Intangible links between household livelihoods and food security in Solomon Islands: implications for rural development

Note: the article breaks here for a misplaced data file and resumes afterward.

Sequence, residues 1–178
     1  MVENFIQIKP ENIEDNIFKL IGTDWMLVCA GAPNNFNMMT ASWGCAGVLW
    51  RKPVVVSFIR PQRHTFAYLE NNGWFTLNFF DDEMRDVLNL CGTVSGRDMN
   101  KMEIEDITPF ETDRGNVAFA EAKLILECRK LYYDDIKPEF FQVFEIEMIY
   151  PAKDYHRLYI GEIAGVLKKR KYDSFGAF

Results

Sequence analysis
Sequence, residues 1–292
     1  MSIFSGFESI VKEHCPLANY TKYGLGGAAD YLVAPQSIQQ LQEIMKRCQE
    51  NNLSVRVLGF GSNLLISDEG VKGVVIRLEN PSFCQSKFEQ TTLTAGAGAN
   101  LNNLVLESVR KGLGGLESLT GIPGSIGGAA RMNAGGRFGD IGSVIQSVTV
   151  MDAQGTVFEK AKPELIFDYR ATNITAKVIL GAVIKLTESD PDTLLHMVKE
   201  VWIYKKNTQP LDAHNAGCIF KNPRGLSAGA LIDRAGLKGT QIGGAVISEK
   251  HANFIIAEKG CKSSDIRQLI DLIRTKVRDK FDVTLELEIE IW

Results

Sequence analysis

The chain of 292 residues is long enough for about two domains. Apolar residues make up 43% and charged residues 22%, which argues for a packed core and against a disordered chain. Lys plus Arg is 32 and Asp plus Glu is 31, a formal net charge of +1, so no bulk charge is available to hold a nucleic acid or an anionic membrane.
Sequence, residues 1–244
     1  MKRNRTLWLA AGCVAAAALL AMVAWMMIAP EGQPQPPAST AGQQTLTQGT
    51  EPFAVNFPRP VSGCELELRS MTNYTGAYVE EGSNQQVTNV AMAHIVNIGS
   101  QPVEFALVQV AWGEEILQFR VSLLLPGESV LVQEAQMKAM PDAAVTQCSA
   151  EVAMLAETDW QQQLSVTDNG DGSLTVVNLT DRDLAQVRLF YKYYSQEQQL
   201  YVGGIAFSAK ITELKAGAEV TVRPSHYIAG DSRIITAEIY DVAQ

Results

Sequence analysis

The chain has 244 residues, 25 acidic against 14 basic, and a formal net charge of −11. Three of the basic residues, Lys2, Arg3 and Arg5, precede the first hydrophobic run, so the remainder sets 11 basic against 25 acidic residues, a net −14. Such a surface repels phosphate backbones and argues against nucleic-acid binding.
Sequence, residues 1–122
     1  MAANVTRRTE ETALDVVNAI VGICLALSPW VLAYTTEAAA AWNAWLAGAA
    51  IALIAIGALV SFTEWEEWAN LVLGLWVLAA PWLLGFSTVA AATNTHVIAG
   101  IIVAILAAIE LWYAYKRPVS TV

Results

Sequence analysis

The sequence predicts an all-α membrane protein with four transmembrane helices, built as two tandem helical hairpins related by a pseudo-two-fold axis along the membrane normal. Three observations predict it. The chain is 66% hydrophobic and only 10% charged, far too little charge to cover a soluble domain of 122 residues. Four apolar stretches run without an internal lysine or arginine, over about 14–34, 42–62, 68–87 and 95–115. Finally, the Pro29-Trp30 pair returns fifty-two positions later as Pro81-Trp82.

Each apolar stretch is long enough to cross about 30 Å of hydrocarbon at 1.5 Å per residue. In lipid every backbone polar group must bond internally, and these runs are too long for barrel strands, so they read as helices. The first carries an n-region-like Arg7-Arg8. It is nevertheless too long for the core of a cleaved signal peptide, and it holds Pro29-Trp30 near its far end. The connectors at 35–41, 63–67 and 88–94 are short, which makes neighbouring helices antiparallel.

Livelihood diversification has been the heartbeat of rural development projects over the past two decades. Many livelihood diversification programs are based on the often implicit assumption that introducing livelihood activities will translate into improved livelihood outcomes. In this study we analyze survey data from 235 households in Langalanga Lagoon, Solomon Islands. We explore relationships between household livelihoods and food security to guide the types of activities that may be appropriate for rural development planning. Results show high rates of food insecurity, where half of the surveyed households were moderately food insecure and a quarter of households severely food insecure. Importantly, we do not find any links between household livelihoods activities and food security; households valued livelihoods very differently. We discuss the implications of these findings for rural development planning.